learning from the Super Bowl…

So first, ten things we learned from Super Bowl LII…

  1. Minnesota is cold.
  2. Justin Timberlake rocks.
  3. Eagles really do fly.
  4. Sometimes a backup player makes all the difference in the world.
  5. Marketers determined they would make more of a difference by omitting the political statements during commercial timeouts this year.
  6. Tom Brady may be a “goat,” but he’s still very human.
  7. Eli Manning and Odell Beckham, Jr. do an excellent Patrick Swayze-Jennifer Grey routine.
  8. #BleepDon’tStink.
  9. The NFL really needs to clear up the “what is a catch” rule. And…
  10. A 29 year old quarterback catches a pass better than a 40 year old one.

But better than all of the above, in my semi-humble opinion, was the poignant lesson in leadership so sweetly articulated by Philadelphia QB Nick Foles. The backup — a man who was never expected to play in this year’s Super Bowl, much less be named the MVP — said it better than most leaders, with a mic in front of them, than most people ever do…

Said Foles in the post-game press conference:

“I think the big thing that helped me was knowing that I didn’t have to be Superman. I have amazing teammates, amazing coaches around me. And all I had to do was just go play as hard as I could, and play for one another, and play for those guys.”

Heed that briefly once more…

No need to be Superman…
Just play hard…
Play for one another.

That humility is demonstrative of effective, contagious leadership.

As written yesterday by Justin Bariso, author and encourager of emotional intelligence, on Inc.com:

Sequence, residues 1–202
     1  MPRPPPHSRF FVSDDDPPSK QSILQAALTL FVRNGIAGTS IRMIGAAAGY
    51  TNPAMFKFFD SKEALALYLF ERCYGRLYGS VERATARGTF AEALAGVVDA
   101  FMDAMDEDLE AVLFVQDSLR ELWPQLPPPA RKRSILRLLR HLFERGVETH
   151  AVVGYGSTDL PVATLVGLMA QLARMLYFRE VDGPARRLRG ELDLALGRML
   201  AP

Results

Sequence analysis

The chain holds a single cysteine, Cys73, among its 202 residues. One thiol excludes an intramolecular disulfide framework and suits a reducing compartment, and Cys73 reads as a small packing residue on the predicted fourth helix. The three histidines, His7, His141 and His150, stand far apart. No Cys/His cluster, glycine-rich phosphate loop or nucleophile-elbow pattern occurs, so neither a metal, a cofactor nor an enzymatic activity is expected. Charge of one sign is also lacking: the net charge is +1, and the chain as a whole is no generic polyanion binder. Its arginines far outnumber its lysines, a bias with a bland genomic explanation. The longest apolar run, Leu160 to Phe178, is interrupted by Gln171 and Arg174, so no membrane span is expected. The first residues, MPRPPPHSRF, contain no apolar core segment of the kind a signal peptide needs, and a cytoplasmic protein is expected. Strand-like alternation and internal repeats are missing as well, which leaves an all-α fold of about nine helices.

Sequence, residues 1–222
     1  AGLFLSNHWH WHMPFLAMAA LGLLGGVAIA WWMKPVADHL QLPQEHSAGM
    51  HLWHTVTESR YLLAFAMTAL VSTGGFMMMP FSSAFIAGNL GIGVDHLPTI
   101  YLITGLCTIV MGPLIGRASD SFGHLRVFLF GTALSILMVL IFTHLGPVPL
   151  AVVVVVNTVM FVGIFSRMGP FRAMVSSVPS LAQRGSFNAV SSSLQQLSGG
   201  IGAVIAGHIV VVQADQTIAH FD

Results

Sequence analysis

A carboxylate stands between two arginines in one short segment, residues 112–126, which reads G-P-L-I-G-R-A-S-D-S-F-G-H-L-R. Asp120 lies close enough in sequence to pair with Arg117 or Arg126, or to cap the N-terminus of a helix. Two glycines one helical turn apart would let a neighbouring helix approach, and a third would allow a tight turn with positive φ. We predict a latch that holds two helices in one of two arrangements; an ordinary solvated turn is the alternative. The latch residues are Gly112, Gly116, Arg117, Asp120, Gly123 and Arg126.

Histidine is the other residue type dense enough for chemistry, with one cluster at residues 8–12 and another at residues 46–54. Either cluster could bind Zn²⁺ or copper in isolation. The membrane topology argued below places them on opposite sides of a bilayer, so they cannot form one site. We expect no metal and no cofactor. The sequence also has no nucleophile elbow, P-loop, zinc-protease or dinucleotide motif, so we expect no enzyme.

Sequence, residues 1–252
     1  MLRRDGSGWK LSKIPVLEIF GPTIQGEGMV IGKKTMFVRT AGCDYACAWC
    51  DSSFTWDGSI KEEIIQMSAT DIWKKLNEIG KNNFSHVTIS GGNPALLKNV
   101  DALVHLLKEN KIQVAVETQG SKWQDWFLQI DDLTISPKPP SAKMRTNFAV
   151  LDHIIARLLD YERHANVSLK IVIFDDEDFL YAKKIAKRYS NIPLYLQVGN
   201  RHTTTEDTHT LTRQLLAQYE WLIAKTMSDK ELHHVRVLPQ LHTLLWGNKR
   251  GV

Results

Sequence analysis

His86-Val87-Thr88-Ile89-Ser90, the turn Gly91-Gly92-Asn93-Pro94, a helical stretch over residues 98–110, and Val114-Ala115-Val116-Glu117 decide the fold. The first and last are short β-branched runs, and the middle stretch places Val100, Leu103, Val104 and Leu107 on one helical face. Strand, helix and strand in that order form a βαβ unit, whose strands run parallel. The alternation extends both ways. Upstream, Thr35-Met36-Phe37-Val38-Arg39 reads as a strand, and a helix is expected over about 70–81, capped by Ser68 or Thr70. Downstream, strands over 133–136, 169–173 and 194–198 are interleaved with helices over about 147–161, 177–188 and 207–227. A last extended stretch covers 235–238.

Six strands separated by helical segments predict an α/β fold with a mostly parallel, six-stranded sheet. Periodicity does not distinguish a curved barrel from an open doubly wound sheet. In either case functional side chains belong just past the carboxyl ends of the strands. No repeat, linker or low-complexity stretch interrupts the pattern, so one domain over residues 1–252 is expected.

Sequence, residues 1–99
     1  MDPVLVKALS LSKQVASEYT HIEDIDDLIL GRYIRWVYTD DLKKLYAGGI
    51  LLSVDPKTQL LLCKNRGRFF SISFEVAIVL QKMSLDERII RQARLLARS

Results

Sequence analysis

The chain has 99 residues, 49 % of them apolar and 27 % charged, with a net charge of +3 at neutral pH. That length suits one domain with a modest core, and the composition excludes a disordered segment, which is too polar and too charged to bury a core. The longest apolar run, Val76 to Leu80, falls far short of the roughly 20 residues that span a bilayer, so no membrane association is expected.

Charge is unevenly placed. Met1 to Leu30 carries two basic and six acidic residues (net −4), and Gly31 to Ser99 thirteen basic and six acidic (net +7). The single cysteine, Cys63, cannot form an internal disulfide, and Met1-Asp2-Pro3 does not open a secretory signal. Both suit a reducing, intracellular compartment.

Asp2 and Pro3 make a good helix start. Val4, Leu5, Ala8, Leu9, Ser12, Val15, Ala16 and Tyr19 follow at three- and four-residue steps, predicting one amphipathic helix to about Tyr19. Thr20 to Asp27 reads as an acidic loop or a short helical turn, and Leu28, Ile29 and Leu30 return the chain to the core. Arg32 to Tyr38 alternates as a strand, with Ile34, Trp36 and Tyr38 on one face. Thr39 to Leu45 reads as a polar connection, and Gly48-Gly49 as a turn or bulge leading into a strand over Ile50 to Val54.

“… As Foles so beautifully demonstrated over the past several weeks, true leadership isn’t about position, or trying to get others to follow you.

Rather, true leadership is about action: It’s putting your head down, going to work, and trying to lift up those around you. That’s what inspires others to follow because they want to, not because they have to.

Despite putting on a performance for the ages, Foles recognized that football is a team game.
There is no Super Bowl win without the protection of his front line.

There is no Super Bowl win without the amazing play-calling of Eagles head coach Doug Pederson.

There is no Super Bowl win without the defense that forced Tom Brady to fumble in crunch time, those final minutes when New England’s favorite footballer typically plays with the laser focus of a machine, programmed to dash the dreams of hopeful opponents, much as he did last year.

Foles recognized all of this. He knew that great teams aren’t only about who’s on your team, but about how the team works together. By showing humility, setting the example, and praising his teammates, Foles demonstrated emotional intelligence. In doing so, he inspired trust — the deep, long-lasting trust that requires connecting with others on an emotional level.

That’s the lesson Nick Foles taught us over the past several weeks, and the lesson he reminded us of last night, as he stood before the podium reserved for the newest Super Bowl MVP — a place no one ever predicted he would be, perhaps not even he himself.

But that’s exactly where Foles deserved to be. A reward for putting his head down, going to work, and trying his best to lift up those around him.

Now, that’s what I call leadership.”

What a wonderful thing for us to learn.


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